Vishing – Another Form of Social Engineering

Recently, a customer reached out to me and asked me to comment on the current state of Vishing, or Voice Phishing, as it applies to today’s communications environments. Since it is one of my pet peeves, I gladly provided them with a brief write-up on the topic of Caller ID spoofing and the net effect on overall network security. Writing about such things is like walking a very thin line. While you don’t want to educate potential “bad actors” with information on how to perpetrate an event, you need to increase awareness so that others can easily recognize potential threats that fit, or do not fit, a specific pattern or profile.

As communications technology migrates away from traditional carrier network architectures, confidence in Caller ID is dwindling. In a legacy network, Caller ID is typically associated with a specific pair of wires connected to the telephone company end office. The subscriber information for each call is associated with the call event by the central office, and the originating endpoint, in most cases, has no ability to generate or modify this information. Based on this, the information received at the terminating side (Caller ID) was trusted and assumed to be verified.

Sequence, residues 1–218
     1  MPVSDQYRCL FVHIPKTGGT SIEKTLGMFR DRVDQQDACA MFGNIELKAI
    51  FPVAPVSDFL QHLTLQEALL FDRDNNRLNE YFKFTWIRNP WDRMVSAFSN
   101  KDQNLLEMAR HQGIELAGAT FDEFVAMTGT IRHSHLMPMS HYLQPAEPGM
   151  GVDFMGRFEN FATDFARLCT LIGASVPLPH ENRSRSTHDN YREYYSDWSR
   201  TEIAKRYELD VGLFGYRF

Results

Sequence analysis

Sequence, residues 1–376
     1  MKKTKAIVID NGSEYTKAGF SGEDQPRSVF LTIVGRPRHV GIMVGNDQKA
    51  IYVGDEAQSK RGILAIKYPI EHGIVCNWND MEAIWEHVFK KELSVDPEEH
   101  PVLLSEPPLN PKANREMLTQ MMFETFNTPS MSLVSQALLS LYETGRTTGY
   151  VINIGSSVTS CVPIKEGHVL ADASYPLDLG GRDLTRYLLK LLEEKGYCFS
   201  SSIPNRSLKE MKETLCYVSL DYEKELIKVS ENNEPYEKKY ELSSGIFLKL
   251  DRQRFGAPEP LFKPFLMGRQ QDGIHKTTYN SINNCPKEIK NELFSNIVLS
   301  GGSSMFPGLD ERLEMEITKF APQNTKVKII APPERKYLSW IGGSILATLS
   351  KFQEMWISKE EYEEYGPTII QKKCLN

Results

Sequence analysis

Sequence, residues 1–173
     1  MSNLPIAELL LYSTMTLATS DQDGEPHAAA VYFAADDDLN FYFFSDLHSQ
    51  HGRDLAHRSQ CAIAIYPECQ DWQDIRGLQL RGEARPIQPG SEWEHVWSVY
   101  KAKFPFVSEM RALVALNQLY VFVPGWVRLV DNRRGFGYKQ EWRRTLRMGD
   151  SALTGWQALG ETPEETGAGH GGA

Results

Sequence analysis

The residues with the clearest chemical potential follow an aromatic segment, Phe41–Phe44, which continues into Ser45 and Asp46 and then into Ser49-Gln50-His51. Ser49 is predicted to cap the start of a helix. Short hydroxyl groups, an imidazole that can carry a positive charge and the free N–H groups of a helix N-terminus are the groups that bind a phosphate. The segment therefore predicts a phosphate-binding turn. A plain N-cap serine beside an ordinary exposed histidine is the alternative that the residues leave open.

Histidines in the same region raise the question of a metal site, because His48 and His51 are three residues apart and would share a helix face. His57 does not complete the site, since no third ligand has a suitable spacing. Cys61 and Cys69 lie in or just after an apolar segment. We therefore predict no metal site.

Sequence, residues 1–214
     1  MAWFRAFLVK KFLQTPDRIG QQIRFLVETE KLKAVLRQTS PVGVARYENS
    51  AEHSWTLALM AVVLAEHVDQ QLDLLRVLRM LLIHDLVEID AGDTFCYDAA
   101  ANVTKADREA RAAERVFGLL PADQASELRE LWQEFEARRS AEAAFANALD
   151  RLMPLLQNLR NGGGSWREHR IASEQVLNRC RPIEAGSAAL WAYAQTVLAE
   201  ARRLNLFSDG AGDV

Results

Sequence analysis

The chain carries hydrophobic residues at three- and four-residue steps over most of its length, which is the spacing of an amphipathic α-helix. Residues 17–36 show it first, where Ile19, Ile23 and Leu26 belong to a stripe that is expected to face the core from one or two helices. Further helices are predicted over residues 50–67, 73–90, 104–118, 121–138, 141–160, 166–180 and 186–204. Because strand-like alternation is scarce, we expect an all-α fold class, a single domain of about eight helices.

While this is true for analog endpoints, or POTS lines, the same is not true for VoIP. This new technology brings a twist to the trust factor of Caller ID, as now the origination endpoint (being IP-based) has the ability to define and transmit the Caller ID and name of each individual call session.

VoIP carriers rarely provide any validation of this information, letting it proceed into the PSTN unfettered. This enables the creation of several new scenarios that, before now, were not even possible without complex equipment or access at a deep level in the telephone network. If sent by the originating endpoint, Caller Name (CNAM) information can be transported to the receiving endpoint. Typically it is applied at the terminating Central Office which does a CNAM lookup based on the ANI or Caller ID received. Unfortunately, this can enable a spoofed Caller ID at the terminating endpoint.